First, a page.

Tip #138: Decorating for the Holidays
It’s easy to get swept up into the “spirit of the holidays” but when that spirit includes holiday decorating on rental properties, landlords can quickly fall on a slippery slope when it comes to Fair Housing complaints.
Remember, religious beliefs are protected under anti-discrimination laws. What that means on a practical level is far from clear, but here are some tips to consider:
Religious discrimination rules distinguish between “common” areas like the leasing office, elevators or lobbies, and private residences.
In common areas, avoid overtly religious symbols, like nativity scenes and crucifixes. Courts have found other familiar holiday decor to be “religiously neutral” and therefore a safe bet for decorating. These includes trees, menorahs, Santas, candy canes, lights, and wreaths.
Don’t create the impression that one religion is favored over others. Someone entering for the first time should not be able to pick up on a religious preference, and existing tenants should feel welcome to participate in any celebration or observance. For instance, if residents request equal exposure in holiday displays, include those symbols along with any others.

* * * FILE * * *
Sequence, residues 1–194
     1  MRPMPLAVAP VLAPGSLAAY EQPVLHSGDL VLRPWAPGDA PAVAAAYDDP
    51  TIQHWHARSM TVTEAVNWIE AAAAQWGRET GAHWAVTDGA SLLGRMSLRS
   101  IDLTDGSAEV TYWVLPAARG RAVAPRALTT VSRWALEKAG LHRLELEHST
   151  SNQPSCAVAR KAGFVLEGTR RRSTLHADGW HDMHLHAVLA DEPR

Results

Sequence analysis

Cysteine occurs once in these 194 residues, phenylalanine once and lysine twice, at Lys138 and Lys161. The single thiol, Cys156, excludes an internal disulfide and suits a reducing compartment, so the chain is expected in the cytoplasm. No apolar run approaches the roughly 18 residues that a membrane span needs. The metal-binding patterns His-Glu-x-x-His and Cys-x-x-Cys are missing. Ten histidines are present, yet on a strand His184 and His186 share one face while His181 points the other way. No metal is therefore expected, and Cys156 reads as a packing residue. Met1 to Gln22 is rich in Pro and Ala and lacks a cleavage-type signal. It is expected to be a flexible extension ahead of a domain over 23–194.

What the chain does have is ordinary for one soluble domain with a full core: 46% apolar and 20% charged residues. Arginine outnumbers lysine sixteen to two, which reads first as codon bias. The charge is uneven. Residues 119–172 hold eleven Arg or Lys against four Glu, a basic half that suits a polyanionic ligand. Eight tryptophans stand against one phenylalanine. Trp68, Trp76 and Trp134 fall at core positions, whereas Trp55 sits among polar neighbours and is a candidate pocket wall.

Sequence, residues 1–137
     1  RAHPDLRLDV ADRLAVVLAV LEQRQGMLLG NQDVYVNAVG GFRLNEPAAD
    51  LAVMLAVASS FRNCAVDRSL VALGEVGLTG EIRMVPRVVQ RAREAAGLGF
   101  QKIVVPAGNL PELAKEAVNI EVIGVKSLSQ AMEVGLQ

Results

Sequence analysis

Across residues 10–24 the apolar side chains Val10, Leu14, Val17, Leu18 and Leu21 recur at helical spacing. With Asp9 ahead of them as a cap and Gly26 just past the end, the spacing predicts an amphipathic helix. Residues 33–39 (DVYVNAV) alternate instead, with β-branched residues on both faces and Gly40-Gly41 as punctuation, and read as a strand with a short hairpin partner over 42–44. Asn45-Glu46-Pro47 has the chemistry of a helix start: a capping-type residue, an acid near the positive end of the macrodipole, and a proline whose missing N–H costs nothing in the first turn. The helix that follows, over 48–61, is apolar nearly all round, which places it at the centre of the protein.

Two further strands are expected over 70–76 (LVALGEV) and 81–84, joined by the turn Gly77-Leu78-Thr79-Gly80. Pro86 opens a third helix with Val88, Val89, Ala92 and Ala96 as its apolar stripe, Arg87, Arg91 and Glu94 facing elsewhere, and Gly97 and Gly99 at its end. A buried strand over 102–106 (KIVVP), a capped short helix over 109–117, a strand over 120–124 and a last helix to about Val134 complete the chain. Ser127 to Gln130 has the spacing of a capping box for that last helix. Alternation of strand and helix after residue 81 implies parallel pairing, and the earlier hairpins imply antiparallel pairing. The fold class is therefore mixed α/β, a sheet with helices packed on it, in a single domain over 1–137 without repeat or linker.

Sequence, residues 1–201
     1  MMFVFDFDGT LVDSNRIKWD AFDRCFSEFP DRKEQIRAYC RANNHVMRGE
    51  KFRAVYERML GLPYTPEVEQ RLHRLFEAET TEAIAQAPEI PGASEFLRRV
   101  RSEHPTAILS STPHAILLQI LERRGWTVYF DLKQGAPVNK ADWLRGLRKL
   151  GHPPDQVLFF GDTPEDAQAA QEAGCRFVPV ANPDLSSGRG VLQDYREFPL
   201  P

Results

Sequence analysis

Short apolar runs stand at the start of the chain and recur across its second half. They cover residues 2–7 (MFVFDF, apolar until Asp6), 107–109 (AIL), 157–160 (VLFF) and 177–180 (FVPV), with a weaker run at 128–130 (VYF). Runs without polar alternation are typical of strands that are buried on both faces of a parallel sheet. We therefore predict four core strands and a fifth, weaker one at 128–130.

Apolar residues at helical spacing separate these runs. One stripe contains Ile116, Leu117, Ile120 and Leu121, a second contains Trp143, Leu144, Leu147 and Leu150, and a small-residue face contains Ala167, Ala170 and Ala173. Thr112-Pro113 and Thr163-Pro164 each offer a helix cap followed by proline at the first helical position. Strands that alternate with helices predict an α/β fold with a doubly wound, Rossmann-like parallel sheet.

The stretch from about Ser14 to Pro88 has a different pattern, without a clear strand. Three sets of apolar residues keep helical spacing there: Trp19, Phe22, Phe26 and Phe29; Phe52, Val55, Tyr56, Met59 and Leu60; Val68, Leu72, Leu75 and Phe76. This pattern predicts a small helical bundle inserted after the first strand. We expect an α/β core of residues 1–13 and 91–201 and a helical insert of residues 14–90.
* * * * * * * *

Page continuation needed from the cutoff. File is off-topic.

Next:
Within the private residence, allow tenants to display their personal religious symbols. That may include the outer face of their front door.
Call your lawyer if there is any doubt or question about what is appropriate. Fair Housing complaints are expensive to deal with, even if you win.
See last weeks Landlord Quick Tip.
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